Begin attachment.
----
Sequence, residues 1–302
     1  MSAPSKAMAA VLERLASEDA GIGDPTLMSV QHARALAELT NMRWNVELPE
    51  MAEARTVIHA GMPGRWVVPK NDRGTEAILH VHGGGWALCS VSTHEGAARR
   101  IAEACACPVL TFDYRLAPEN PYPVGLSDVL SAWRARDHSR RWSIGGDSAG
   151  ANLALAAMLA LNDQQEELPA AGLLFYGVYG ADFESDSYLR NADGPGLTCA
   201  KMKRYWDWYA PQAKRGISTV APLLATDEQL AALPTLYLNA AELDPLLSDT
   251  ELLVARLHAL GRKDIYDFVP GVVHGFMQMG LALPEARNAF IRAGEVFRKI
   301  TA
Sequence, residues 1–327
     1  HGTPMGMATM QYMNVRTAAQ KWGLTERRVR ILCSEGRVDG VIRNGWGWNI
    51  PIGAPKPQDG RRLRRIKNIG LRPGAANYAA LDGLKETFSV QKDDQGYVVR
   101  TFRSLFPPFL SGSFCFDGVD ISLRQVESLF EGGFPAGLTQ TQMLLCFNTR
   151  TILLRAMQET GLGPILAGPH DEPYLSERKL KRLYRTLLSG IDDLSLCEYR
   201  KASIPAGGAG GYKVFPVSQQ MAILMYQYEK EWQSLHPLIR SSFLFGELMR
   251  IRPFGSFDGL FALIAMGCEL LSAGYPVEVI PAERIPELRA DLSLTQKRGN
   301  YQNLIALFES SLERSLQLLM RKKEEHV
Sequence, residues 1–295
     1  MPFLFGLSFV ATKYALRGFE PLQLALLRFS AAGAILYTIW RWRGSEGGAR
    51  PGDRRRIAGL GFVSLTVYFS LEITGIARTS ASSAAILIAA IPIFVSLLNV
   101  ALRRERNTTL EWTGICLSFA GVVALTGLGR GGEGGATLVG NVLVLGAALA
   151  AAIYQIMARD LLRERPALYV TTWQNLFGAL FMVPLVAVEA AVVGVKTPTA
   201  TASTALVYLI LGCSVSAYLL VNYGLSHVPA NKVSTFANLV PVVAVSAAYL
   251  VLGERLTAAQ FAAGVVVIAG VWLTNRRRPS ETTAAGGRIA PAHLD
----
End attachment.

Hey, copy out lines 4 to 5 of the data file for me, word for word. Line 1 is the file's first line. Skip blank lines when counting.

   101  IAEACACPVL TFDYRLAPEN PYPVGLSDVL SAWRARDHSR RWSIGGDSAG
   151  ANLALAAMLA LNDQQEELPA AGLLFYGVYG ADFESDSYLR NADGPGLTCA